1887
Volume 17, Issue 1
  • ISSN 0155-0640
  • E-ISSN: 1833-7139
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Abstract

There has been a surprisingly limited amount of research comparing the direct assessment of writing by teachers of English as a mother tongue and English as a second language (abbreviated as English and ESL respectively) given the amount of common ground they share as teachers of writing. This study aims to investigate whether these two groups of teachers rate writing samples differently using both holistic (global) and analytical (multiple trait) scoring methods. The research compares the assessments made by four experienced teachers from each of these two rater groups of the same set of 20 native speaker (English) and 20 non native speaker (ESL) essays written by final year secondary students. While no significant difference was found between the single global essay ratings of the two groups of teachers, this was not the case for the essay totals obtained by combining the global and analytical scores. The comparison based on these essay totals indicated that overall English teachers rated all of the essays significantly more harshly than ESL teachers. These findings suggested that the analytical scoring method may be more faithful to real dissimilarities which exist between raters of different backgrounds and professional experience than is the holistic scoring method in the assessment of writing. The choice of scoring procedure when both types of raters are used, therefore, is likely to determine whether or not these differences are highlighted and thus the overall level of inter-rater reliablity.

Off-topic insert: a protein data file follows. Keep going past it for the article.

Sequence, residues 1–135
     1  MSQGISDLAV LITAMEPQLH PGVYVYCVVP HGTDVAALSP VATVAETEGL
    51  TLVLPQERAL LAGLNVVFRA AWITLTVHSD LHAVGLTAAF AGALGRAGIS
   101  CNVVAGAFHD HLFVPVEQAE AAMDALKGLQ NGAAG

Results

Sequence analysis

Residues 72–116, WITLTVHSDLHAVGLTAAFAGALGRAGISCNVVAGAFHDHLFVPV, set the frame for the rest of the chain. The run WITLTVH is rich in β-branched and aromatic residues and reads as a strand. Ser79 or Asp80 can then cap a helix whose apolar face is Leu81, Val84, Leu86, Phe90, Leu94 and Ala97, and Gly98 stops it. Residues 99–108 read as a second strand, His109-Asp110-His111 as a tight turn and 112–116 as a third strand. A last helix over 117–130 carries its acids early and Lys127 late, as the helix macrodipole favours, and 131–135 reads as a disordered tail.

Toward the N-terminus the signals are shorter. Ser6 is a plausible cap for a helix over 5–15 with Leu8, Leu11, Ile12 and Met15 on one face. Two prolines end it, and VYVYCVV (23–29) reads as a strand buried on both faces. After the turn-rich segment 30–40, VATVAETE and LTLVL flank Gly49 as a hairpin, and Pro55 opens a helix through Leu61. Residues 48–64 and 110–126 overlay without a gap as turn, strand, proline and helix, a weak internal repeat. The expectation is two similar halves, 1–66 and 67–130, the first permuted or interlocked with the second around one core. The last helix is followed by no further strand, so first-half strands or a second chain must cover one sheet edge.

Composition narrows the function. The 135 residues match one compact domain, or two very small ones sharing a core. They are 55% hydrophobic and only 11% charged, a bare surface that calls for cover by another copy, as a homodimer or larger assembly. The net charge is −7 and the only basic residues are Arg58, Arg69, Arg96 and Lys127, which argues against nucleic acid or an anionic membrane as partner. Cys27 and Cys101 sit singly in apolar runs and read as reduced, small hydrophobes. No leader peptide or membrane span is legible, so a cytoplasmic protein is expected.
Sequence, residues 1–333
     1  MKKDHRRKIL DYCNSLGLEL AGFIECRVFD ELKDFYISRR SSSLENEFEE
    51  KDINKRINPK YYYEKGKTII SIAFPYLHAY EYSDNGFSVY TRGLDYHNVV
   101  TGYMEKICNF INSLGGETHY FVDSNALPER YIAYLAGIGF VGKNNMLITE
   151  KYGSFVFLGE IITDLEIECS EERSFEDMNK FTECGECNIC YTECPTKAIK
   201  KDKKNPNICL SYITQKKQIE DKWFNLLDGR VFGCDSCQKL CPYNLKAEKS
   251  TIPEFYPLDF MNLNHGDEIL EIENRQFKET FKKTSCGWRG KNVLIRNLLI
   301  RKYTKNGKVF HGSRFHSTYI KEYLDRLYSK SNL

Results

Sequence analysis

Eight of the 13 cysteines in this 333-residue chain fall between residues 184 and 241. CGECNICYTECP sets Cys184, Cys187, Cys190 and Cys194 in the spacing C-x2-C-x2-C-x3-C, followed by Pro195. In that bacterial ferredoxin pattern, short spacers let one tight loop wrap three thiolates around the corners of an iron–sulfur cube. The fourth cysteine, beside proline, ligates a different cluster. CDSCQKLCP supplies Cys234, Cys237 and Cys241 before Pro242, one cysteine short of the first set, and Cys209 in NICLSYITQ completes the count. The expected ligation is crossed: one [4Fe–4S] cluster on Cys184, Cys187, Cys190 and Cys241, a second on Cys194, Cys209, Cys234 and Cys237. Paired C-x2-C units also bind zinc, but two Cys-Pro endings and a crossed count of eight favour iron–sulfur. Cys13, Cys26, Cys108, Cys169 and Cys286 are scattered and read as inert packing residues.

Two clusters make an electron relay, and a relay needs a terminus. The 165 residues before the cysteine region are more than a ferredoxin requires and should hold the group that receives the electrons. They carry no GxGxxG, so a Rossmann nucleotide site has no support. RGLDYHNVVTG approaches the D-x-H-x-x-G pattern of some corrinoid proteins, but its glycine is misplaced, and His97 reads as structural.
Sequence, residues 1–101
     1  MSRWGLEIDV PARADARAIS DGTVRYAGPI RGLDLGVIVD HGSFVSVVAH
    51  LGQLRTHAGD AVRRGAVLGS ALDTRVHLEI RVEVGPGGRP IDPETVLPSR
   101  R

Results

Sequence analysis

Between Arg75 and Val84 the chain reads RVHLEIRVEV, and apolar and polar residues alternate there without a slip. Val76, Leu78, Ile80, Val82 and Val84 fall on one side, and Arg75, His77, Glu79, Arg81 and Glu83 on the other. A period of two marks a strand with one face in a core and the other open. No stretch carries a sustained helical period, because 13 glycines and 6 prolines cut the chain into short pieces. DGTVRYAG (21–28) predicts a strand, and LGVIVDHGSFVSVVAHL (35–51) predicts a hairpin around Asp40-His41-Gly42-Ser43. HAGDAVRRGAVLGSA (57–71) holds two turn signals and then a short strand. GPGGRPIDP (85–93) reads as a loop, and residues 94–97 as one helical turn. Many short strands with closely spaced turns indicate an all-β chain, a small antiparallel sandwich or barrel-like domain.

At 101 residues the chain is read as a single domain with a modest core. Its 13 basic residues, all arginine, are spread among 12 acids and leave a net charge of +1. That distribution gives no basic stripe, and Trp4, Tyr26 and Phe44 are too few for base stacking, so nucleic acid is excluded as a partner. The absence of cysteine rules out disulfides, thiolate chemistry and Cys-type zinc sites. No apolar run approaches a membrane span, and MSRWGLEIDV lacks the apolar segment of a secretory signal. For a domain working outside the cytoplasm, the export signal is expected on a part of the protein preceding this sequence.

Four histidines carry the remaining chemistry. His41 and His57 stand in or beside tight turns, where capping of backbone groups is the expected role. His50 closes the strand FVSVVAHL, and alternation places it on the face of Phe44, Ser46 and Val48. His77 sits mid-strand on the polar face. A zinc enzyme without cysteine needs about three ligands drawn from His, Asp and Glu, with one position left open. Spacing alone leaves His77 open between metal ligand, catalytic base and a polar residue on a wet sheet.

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/content/journals/10.1075/aral.17.1.02olo
1994-01-01
2019-10-19
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